A Cure for Burnouts

By Tony Campolo 01-11-2008

Far too often, activists do little to nurture their souls. Consequently, they "burn out." Ignoring the need for spiritual revitalization to sustain their zeal on behalf of the poor and oppressed, they wear out and fade into oblivion. Often those who were one-time dynamic spokespersons for social justice while living out countercultural values become exhausted from working hard with very little sense of accomplishment. Becoming cynical, they sometimes say disparaging things about those who still remain in the fray.


It was out of deep concern for the spiritual condition of social justice activists that I teamed up with a young professor from Spring Arbor University, Mary Darling, to write The God of Intimacy and Action: Reconnecting Ancient Spiritual Practices, Evangelism and Justice.


In this book I, along with my co-author, endeavor to present ways to renew the energies of social activists by tapping into spiritual practices of Catholic mystics that we Protestants often ignore. In particular, we focus much of our attention on the Spiritual Exercises of St. Ignatius whose directives can help us move beyond the often shallow and mundane prayer styles that are common among Protestants.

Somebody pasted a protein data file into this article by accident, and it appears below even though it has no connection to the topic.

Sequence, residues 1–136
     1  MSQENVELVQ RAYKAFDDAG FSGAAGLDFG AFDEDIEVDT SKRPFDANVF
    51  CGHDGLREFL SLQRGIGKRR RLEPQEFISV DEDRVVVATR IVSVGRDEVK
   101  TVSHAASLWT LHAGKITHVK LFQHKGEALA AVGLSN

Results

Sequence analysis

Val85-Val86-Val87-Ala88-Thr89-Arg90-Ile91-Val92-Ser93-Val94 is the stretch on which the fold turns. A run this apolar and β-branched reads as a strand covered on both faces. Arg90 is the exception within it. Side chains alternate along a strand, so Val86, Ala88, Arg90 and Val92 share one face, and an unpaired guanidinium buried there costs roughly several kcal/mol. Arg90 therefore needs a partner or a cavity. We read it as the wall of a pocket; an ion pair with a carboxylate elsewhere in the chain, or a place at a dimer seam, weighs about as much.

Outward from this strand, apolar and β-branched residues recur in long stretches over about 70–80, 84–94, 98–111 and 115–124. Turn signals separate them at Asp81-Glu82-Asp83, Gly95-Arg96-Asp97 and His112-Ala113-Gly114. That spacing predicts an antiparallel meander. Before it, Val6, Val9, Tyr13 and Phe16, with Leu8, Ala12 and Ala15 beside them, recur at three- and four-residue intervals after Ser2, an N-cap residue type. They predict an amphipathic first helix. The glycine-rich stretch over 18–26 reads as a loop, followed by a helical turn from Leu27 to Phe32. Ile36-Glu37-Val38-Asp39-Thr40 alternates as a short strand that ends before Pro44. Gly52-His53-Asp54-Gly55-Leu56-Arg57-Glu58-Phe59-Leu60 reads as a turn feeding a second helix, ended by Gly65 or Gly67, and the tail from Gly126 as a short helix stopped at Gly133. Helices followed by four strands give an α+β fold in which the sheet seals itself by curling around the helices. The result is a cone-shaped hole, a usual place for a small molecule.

First, we explore what Ignatian spiritual directors call centering prayer. Centering prayer is something I do each morning for at least 15 minutes. During the early hours, I take time to center down on Jesus as I say his name over and over again. I do this until everything else is driven out of my mind and I am almost totally focused on Jesus. In stillness I wait for Jesus to reach out from the cross and absorb into his own body the sins that mark my soul. Then, in the midst of quietude, I wait for the Holy Spirit to flow into me and saturate my personhood. I have learned from experience that "they that wait upon the Lord shall renew their strength" (Isaiah 40:31).


Secondly, I practice Lectio Divina. This is a spiritually informed way of reading scripture in which there is no reliance on scholarly interpretations, such as Bible commentaries. I read some carefully chosen verses, shut the Bible, close my eyes, and wait patiently for the Holy Spirit to tell me what I need to hear from God through what I have just read. There is something mystical in recognizing how verses that I have read many times before speak to me in new ways when practicing Lectio Divina, bringing new meaning that is especially relevant to my existential situation.


Next, there is a practice called "The Prayer of Examen." This I do at bedtime. With my head on my pillow, I reflect on all the ways God used me to do good during the past day. I think of all the things I did that were "honest

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